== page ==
The Chicago Bears may be struggling to pick up wins, but at least their pass protection is performing at a respectable level. Right tackle Bobbie Massie, who struggled against the Texans and Eagles, seems to have settled into a groove. He’s not Jimbo Covert, but he’s not Frank Omiyale either.
Rookie center Cody Whitehair’s awareness on stunts has grown, and his technique is starting to look more like an interior player rather than a tackle (like he was in college).
Even last week without guards Josh Sitton, who missed the whole game, and Kyle Long, who missed more than half the game, the Bears only allowed one quarterback sack and 5 quarterback hits.
The Bears are on a similar pace to last season, and they have a shot to hit the Sackwatch low of 2013. That was the quick strike Marc Trestman offense when the Bears finished tied for 4th fewest sacks allowed in the NFL.
Here’s the full list.
Sackwatch after 7 games
2010 - 31 Martz
2011 - 21 Martz
2012 - 25 Tice
2013 -11 Trestman
2014 - 17 Trestman
2015 - 13 Gase
2016 - 13 Loggains
For a little more perspective on the Bears’ sacks allowed through the years, the 2016 Indianapolis Colts are thought to have the absolute worst pass protection this season, and they are sitting at 25 allowed through 7 games. That’s still 6 off the Mike Martz coordinated pace of 2010.
Sack 13 - Third Quarter 6:33 - Nick Perry
This play was originally ruled an incomplete pass by Matt Barkley, but upon further review, it was changed to a sack. And rightfully so.
Barkley’s knee was down before he chucked the ball away, and it was a very smart play by Green Bay’s Nick Perry to get the sack. Chicago tries to run a bootleg off the outside zone fake to the left, but Perry stays home on the backside.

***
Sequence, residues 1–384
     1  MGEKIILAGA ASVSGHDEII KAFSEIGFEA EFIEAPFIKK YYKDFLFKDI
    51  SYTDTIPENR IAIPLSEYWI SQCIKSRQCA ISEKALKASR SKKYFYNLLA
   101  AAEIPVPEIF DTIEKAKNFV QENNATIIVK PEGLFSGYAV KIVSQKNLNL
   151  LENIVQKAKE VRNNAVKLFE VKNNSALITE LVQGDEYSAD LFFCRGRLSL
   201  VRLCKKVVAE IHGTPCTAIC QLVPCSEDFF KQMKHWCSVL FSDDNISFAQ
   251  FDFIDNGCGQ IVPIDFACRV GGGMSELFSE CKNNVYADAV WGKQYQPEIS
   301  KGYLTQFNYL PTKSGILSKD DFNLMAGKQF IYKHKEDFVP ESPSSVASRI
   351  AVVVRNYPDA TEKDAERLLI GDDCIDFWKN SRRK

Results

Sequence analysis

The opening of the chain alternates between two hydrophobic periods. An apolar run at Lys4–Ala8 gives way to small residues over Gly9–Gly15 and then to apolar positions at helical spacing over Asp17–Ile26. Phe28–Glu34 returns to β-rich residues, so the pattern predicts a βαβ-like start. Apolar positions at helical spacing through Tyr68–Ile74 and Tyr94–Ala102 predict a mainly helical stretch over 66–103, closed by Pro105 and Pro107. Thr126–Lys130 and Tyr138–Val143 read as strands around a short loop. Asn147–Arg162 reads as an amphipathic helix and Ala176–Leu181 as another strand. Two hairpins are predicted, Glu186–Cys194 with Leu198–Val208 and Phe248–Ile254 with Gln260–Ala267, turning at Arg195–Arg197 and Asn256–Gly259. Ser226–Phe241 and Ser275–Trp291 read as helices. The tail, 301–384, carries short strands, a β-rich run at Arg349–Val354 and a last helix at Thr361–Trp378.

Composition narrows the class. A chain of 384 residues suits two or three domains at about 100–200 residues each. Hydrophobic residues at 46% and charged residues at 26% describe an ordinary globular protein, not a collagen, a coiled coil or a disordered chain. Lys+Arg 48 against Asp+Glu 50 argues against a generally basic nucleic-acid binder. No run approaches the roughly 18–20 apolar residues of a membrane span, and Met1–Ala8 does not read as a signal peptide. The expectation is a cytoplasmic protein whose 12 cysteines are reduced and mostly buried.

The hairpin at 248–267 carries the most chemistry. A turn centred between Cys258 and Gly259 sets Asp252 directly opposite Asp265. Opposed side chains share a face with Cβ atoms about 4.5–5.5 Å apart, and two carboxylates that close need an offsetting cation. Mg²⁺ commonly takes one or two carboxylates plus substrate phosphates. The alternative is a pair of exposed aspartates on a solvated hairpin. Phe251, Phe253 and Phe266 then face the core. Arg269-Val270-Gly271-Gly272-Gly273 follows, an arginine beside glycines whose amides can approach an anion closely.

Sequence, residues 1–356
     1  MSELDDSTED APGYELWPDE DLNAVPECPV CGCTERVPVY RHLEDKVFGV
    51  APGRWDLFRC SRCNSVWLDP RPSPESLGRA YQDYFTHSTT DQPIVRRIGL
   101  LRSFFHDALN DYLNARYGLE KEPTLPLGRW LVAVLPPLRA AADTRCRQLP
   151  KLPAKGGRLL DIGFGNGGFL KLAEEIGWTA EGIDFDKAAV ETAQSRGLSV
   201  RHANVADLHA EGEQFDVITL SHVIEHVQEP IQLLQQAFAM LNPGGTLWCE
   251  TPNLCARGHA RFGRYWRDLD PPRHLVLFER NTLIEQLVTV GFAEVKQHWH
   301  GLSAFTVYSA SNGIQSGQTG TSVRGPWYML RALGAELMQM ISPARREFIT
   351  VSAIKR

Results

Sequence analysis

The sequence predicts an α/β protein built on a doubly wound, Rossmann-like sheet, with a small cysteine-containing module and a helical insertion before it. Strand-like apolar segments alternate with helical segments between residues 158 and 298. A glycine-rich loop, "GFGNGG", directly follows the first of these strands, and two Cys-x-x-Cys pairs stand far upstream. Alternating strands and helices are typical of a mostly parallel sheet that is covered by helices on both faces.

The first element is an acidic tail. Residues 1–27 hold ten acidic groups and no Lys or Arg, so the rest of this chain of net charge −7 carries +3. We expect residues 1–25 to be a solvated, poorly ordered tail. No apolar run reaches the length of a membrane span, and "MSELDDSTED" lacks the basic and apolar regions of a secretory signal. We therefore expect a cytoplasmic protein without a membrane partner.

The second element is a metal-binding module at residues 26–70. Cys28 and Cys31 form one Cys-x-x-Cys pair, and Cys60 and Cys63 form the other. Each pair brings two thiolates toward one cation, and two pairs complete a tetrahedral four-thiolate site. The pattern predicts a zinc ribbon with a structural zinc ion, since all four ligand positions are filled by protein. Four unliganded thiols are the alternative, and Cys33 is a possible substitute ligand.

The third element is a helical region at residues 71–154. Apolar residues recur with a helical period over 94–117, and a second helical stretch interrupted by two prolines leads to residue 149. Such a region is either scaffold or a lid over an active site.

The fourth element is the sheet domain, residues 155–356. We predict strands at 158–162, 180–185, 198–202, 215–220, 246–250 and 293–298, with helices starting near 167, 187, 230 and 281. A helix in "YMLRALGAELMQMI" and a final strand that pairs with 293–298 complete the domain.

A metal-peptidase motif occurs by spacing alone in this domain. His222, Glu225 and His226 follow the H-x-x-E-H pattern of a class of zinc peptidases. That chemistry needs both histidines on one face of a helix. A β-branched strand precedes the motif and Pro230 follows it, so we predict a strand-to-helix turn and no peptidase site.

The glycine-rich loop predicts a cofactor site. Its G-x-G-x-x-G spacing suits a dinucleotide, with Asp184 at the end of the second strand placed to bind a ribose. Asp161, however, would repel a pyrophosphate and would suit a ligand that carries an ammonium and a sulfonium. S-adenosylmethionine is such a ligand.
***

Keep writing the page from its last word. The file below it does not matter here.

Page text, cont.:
A couple weeks ago you may remember the Bears and QB Brian Hoyer having some success against the Detroit Lions with the bootleg. It was working that day because the Lions weren’t as disciplined on the backside as the Packers were on Thursday night. When the backside contain, either a defensive end or outside linebacker depending on the defensive front, crashes down to chase the running back, then the bootlegs are more likely to be successful. But when the backside contain, in this instance #53 Nick Perry, stays home, he’s able to diagnose the play-fake in front of him and attack the quarterback.
If Barkley was a little faster, he may have been able to outrun Perry, but Perry was a 4.64 forty guy coming out of USC in 2012, and Barkley was more of a 5.0 forty guy at his 2013 USC pro day.
I’m not going to fault Barkley for Perry making a good play, nor can I fault Chicago’s pass protection because Perry is supposed to be left unblocked. This sack is just one of those sacks that happen.
Here’s how I have the individual Sackwatch after seven games.
Jay Cutler - 3
Brian Hoyer - 2
Sacks Happen - 2
Bobbie Massie - 2
Cody Whitehair - 1.5
Logan Paulsen - 1
Charles Leno - 1
Jeremy Langford - .5
What are your thoughts this week?